• Firstly spot-on video Leo.

        I fully concur with Herbie’s comments.

        I’m going in circles trying to upgrade HDD to Hybrid drive on Lenovo laptop continually swapping the cloned new drive with the old drive. Added complication being that Acronis TI clone won’t boot because it is a dynamic partition and Acronis recommended procedure when installing dynamic partition is to use a backup to restore from but since the laptop has UEF it has to boot from the new drive without OS doesn’t it Catch 22

      • I have a car I will sell you with a combination lock on the hood – and for your protection I will change it for you without notice. But don’t worry I have another car Im happy to sell you if you throw that one in the landfill. Or if you want you can play with the combination lock for a few days if you want to – Ill give you the first 2 numbers. But I may change it at some point ( for your security ) We would not want anyone getting under your hood now would we. !

    • UEFI, put on by manufacturers, is great for selling new machines to replace the one you can’t easily or cheaply fix by rebooting to USB.
      It should at least be disabled by default. If a corporation wants to set it they can, and set their own password to access it.
      This is all done wrong at the expense of the individual user.

  7. It’s a bit like having a portable safe. If I have physical access to the computer, I can just take it with me, then remove the hard drive and move it to another computer to access the data.

    All the reasonable security we need can be implemented with a protected mode switch on the motherboard. In protected mode, you can’t alter the BIOS config (including boot sequence). Throw the switch and you can change anything. For every day operation, leave it protected so you don’t accidentally alter the config or boot from an infected device. if things are going wrong, flip the switch and get the computer back on its feet. It’s up to you to provide active malware protection by only booting from known good sources.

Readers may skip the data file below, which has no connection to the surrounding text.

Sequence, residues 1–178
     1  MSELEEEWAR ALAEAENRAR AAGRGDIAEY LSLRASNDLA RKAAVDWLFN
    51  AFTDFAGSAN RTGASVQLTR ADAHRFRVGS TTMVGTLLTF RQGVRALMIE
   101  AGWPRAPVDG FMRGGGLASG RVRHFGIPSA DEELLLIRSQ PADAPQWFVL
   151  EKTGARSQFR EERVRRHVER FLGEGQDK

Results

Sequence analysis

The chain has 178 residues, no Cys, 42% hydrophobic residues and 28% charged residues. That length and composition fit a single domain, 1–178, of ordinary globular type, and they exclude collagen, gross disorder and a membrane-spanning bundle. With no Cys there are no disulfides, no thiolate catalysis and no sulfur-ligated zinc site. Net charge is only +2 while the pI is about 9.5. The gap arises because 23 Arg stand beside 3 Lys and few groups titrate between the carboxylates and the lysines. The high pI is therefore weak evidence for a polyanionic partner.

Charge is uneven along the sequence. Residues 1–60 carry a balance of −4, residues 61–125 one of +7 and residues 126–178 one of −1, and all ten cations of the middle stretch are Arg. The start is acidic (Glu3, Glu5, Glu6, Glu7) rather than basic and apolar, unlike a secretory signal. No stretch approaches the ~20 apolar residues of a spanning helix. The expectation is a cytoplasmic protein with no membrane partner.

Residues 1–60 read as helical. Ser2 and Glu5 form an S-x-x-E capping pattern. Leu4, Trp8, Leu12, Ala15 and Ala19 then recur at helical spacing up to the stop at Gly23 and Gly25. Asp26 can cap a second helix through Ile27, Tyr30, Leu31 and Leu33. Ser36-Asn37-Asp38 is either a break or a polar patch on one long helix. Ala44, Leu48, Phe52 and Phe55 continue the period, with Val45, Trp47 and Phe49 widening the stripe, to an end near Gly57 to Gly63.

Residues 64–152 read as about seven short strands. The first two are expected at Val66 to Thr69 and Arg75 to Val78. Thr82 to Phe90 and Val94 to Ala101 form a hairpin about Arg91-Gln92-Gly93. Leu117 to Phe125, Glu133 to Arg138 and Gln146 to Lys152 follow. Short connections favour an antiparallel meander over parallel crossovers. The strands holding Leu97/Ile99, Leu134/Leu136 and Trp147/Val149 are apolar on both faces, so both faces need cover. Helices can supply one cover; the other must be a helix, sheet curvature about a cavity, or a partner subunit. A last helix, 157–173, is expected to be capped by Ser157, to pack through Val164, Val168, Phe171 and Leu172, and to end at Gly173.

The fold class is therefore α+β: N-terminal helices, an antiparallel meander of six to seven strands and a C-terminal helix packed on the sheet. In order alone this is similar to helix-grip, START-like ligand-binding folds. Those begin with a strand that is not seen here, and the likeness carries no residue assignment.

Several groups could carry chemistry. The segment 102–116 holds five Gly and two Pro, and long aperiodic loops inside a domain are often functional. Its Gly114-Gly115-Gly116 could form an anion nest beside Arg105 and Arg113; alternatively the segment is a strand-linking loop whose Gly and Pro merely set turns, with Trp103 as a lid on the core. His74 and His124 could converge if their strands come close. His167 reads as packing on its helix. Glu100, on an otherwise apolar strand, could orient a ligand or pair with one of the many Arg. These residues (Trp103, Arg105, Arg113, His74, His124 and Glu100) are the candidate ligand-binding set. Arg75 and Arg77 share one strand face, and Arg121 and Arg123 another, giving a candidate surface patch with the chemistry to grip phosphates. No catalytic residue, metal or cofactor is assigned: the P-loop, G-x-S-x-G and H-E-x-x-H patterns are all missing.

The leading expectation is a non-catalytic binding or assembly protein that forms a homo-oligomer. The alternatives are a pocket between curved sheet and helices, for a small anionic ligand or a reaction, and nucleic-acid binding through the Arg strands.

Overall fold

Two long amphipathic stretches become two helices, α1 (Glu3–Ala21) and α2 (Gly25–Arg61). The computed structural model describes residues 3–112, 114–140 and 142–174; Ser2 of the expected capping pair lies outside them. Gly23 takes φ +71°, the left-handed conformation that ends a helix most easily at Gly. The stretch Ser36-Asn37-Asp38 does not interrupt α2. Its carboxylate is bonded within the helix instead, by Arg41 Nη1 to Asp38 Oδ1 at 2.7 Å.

UEFI seems to have more benefits for Microsoft (by allowing configurations that only will boot from Windows) than it has for the end users. While in theory UEFI can be used to let older computers interface with newer technologies, I don’t see the hw manufacturers spending resources on such activities.

    My guess is that in the end, UEFI will prevent more users from doing legitimate things than it prevents instances of malware.

  8. THanks for explaining, BUT…the point in that many manufacturers do not indicate the way we can make back-ups and emergency CD so to be sure to succeed in booting in case the usual boot(by internal HD) dosen’t work!!!
    I have a ASUS UEFI laptop and W8.1
    I’ve made a USB backup which should give me the way to re-initialise my systeme, but I cannot be said how I could save my actual systeme….

  9. Hi Leo, Thanks for the UEFI article. I have been reading articles related to changing the
    boot sequence. This is the first article that directly relates to UEFI. I shall re-read
    the comments after I send this

  10. you may also be interested in this article, in the which we find that recently perhaps the Microsoft “golden key” has been compromised: